In setback for gay Catholics, Vatican says church cannot bless same-sex unions

Philip Pullella
·3-min read
FILE PHOTO: 500 years of Christianity in the Philippines mass at the Vatican

By Philip Pullella

VATICAN CITY (Reuters) - The Vatican said on Monday that priests cannot bless same-sex unions and that such blessings are not valid, in a ruling that greatly disappointed gay Catholics who had hoped their Church was becoming more welcoming under Pope Francis.

In some countries, such as the United States and Germany, parishes and ministers have begun blessing same-sex unions in lieu of marriage, and there have been calls for bishops to de facto institutionalise these.

But conservatives in the 1.3 billion-member Church have expressed alarm over these practices, particularly those in Germany where at least two bishops, including Cardinal Reinhard Marx of Munich, one of the pope's top advisers, have shown support for some kind of "pastoral" blessing.

In response to formal questions from a number of dioceses on whether the practice was allowed, the Vatican's doctrinal office, the Congregation for the Doctrine of the Faith (CDF), issued the ruling: "Negative".

Pope Francis approved the response, the CDF said, adding that it was "not intended to be a form of unjust discrimination, but rather a reminder of the truth of the liturgical rite" of the sacrament of marriage and the blessing associated with it.

Francis DeBernardo, executive director of the gay Catholics group New Ways Ministry, said "It is not surprising, but still disappointing, that the Vatican has responded 'no'."

Marianne Duddy-Burke, executive director of DignityUSA, which also supports gays in the Church, said the denial "will exacerbate the pain and anger of LGBTQI Catholics and our families" and hurt "couples who live deeply loving and committed relationships".

From the time he was archbishop in his native Argentina, Pope Francis has supported the right of gay couples to have civil legal protections but has always opposed gay marriage.

He also has had meetings with gay couples and in 2013 made the now famous remark "Who am I to judge" about gays trying to live by the Church's rules.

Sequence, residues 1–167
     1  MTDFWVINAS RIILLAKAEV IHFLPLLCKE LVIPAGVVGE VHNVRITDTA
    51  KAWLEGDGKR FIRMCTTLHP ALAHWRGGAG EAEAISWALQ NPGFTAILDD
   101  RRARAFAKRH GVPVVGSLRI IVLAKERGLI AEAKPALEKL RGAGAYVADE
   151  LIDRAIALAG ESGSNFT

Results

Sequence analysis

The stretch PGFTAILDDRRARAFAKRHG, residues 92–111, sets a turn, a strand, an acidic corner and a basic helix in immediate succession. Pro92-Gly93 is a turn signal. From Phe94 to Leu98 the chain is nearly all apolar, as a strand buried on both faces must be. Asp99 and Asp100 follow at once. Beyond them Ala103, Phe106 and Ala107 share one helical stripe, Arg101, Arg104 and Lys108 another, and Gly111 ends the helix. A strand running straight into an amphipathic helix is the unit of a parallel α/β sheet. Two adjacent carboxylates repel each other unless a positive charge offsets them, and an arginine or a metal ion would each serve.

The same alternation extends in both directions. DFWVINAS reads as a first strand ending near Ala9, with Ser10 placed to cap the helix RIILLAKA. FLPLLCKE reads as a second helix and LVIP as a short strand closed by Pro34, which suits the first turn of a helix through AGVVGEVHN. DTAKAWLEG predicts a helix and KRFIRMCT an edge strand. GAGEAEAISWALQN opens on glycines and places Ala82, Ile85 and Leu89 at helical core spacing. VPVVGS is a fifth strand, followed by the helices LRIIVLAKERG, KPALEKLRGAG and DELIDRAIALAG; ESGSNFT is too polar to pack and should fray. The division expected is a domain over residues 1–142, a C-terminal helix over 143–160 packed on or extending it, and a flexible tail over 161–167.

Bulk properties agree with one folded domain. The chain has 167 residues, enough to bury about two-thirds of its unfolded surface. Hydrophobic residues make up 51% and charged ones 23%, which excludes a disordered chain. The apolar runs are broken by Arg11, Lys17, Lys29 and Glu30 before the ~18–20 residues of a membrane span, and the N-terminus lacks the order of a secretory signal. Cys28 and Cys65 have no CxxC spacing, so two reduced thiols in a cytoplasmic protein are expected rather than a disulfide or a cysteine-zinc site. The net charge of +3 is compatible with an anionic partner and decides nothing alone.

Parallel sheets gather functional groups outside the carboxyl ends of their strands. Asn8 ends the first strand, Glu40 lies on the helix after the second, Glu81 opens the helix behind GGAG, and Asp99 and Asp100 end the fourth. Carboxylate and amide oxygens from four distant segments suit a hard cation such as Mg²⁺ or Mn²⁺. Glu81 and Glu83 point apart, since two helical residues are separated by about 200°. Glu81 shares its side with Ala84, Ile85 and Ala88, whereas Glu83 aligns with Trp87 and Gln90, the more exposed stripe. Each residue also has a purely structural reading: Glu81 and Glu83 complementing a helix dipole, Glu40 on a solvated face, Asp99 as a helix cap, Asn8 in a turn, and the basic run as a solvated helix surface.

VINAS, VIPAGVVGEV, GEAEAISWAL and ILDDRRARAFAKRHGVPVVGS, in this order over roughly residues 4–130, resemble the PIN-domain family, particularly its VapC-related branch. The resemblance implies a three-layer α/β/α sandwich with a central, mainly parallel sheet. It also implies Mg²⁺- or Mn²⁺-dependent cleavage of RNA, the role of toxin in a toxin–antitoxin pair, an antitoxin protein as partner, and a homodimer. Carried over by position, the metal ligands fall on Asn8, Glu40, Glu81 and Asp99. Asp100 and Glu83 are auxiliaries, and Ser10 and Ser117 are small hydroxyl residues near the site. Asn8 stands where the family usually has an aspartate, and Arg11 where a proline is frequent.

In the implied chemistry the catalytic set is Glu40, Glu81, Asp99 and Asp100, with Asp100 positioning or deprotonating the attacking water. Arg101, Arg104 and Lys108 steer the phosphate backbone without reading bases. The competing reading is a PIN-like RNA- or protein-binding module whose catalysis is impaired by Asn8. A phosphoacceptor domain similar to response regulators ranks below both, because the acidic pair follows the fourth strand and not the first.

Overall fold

The Church teaches that being gay is not inherently sinful but forbids same-sex sexual activity.

The head of the German bishops' conference, Georg Baetzing, said the Church there had reflected "on the living situation of people today" in what he called "successful relationships" and that the Vatican ruling would be part of future discussions.

"There are no easy answers to such questions," he said in a statement.

INDIVIDUAL BLESSINGS

A separate explanatory note from the CDF said that while the blessing of same-sex couples was not licit, the decision "in no way detracts from the human and Christian consideration in which the Church holds each person".

It also said that Church could bestow blessings "to individual persons with homosexual inclinations who manifest the will to live in fidelity to the revealed plans of God as proposed by Church teaching".

A Pew Research survey last year showed that a majority of Catholics in the United States and Western Europe approved of gay marriage while a majority in Eastern Europe and former Soviet-bloc countries opposed it.

Churches in Africa and Asia also strongly oppose gay marriage. Conservatives have warned that debates on homosexuality have spawned debilitating divisions in other Christian Churches, such as the Anglican communion.

Last year, the Vatican had to move to clarify comments attributed to Pope Francis on civil union laws in a documentary, saying they were taken out of context and did not signal a change in Church doctrine on gay people or support for same-sex marriage.

The comments attributed to the pope in the film alarmed conservatives and they applauded the Vatican's clarification.

Reporters later discovered that two separate quotes in response to separate questions were spliced to appear as one, deleting the intervening context and questions.

(Reporting By Philip Pullella; Additional reporting by Maria Sheahan in Berlin; Editing by Raissa Kasolowsky and Giles Elgood)